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Samuel’s childhood in Sésènne, a neighborhood of Diourbel, Senegal, was steeped in traditional African religion. It is the home of several priestesses who conduct the traditional exorcism dances (“ndëpp” in Wolof). This is the type of dance that gave birth to voodoo-ism. Samuel suffered from deadly nosebleeds that no traditional or modern medicine could cure.

Massamba is a pastor in this African country. During Kids’ Club in Sésènne, the pastor and his wife noticed how sickly Samuel looked.  The pastor’s wife offered to pray for him. Samuel agreed, and that day he felt better. As he continued to participate in Kids’ Club and visit the pastor’s home, Samuel noticed a pattern.

Each day Samuel spent time with them, and the pastor and his wife prayed for him; he didn’t suffer. On other days, he bled more. Indeed, his condition was worsening. Samuel frequently missed school. His nosebleeds made him feel isolated from the rest of the children. Samuel’s family spent most of their resources on doctors, the hospital, and traditional healers (spiritists), but eventually gave up, not expecting him to live much longer.

One day, while in the pastor’s home, Samuel experienced a particularly profuse nosebleed. His black skin turned pale gray. The pastor’s wife rushed him to the hospital, but the doctors could not help Samuel. Challenged by the doctor’s response, the pastor’s wife declared, “There is a God in heaven who heals!” She fervently prayed, and as she prayed, the bleeding stopped.

The doctor warned the pastor’s wife that Samuel would need blood transfusions and weeks to recover from blood loss. Pastor Massamba and his wife took Samuel in and helped him. They profusely prayed for him. The daily nosebleeds stopped. As they prayed, his skin color turned from gray to a healthy, dark chocolate brown. As the week wore on, he no longer looked sickly. He never needed those many transfusions.

As Samuel regained strength, the pastor and his wife decided that it was time to return him to his Muslim family. But not long after, Samuel’s parents showed up with him at the pastor’s home. They said, “There was only death for Samuel in our home. He found life in your home. We are giving him to you.”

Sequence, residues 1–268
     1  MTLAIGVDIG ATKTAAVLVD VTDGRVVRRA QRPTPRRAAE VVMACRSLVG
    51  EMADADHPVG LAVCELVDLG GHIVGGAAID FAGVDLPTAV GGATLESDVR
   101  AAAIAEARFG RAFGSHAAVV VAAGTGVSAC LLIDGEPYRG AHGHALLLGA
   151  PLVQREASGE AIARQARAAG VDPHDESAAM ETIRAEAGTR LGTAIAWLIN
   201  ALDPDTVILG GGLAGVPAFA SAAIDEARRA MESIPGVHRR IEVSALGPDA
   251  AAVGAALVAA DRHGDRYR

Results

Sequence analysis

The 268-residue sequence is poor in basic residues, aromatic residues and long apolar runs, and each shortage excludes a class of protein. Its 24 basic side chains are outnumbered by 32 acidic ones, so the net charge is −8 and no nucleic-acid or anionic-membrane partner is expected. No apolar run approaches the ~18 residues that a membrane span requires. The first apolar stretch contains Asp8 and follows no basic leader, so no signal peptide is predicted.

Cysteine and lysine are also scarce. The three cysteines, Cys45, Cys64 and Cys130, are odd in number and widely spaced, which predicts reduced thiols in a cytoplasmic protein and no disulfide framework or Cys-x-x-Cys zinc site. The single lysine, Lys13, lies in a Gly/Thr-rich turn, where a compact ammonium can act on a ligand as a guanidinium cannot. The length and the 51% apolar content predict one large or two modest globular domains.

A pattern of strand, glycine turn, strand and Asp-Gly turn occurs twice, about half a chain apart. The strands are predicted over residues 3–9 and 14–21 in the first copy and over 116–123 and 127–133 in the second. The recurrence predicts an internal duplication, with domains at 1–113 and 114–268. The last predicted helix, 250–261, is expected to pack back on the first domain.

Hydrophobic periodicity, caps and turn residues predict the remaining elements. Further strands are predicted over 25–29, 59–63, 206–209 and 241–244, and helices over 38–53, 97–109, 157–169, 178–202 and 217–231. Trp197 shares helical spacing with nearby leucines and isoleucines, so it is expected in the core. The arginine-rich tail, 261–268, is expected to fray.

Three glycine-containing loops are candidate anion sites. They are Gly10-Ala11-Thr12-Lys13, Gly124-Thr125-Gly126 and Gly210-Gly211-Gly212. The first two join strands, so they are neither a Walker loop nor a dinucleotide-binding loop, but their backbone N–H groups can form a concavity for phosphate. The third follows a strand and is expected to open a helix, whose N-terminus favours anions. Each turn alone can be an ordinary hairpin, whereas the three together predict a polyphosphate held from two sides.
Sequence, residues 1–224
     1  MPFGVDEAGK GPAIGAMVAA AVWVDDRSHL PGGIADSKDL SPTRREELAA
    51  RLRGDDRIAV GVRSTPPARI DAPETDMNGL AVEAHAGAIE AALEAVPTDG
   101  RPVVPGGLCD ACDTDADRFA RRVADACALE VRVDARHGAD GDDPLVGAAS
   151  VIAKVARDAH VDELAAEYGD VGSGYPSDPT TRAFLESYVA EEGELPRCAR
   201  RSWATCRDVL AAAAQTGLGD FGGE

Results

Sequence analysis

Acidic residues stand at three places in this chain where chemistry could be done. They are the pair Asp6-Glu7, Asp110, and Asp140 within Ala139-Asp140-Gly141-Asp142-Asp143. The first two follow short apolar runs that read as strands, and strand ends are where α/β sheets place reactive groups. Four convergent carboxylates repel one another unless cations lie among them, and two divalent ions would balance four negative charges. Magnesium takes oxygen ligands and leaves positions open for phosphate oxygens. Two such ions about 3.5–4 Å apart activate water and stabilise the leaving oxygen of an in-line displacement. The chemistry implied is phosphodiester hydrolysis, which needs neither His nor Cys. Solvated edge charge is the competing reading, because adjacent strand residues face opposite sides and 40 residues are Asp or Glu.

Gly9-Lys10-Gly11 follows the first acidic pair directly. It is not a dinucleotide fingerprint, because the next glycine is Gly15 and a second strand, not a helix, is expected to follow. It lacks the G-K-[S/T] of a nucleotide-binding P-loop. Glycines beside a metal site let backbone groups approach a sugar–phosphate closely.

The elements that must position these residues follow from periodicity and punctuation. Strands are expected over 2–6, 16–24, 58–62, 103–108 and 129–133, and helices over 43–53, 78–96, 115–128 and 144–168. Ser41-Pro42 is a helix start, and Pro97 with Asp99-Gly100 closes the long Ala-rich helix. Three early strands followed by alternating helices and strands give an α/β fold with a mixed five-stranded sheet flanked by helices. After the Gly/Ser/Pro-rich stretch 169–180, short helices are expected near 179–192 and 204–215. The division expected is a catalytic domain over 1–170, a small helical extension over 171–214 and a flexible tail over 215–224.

Since that day, Samuel was raised in the pastor’s home as if he were their own son. He graduated from the neighborhood high school, studied at the Senegal extension of the Geneva Bible Institute, and followed a year of study at the Bible Institute in Thies (Institut de Théologie Evangélique du Sénégal – ITES). Samuel led his siblings to the Lord and was the leader of his high school group in the Groupe Biblique Lycéen (Inter-School Christian Fellowship).

He studied at a nursing school in Thies and is now a government certified assistant nurse working at the Bartimaeus Christian hospital in Thies. When the head of WorldVenture’s related association of churches (L’Association des Eglises Evangeliques Baptistes du Sénégal), Leopold Diouf, had surgery, Samuel took care of him in the hospital. Leopold gave Samuel high recommendations.

Samuel continues in Christian ministry. He helps to organize the church association annual youth camp. When he returns home to Diourbel, he serves as worship leader and often preaches in the church there. In the church in Thies, he recently preached at the outdoor Easter sunrise service. The evaluation of a professor at ITES? “Excellent message!”

Youth such as Samuel are the future for the church in Senegal. They need our prayers.

For I know the plans I have for you,” declares the LORD, “plans to prosper you and not to harm you, plans to give you hope and a future. – Jeremiah 29:11

When she heard about Jesus, she came up behind him in the crowd and touched his cloak, because she thought, “If I just touch his clothes, I will be healed.” Immediately her bleeding stopped and she felt in her body that she was freed from her suffering. – Mark 5:27-29 NIV


Discussion Questions:

Copy the link of this blog and share it to your social media or to a Facebook Group with an answer to one of the following questions…

  • How have you experienced healing?
  • How have you overcome incredible obstacles to get where you are today? How did God help you get through it?
  • How do you relate to Samuel and his struggles? Share your story.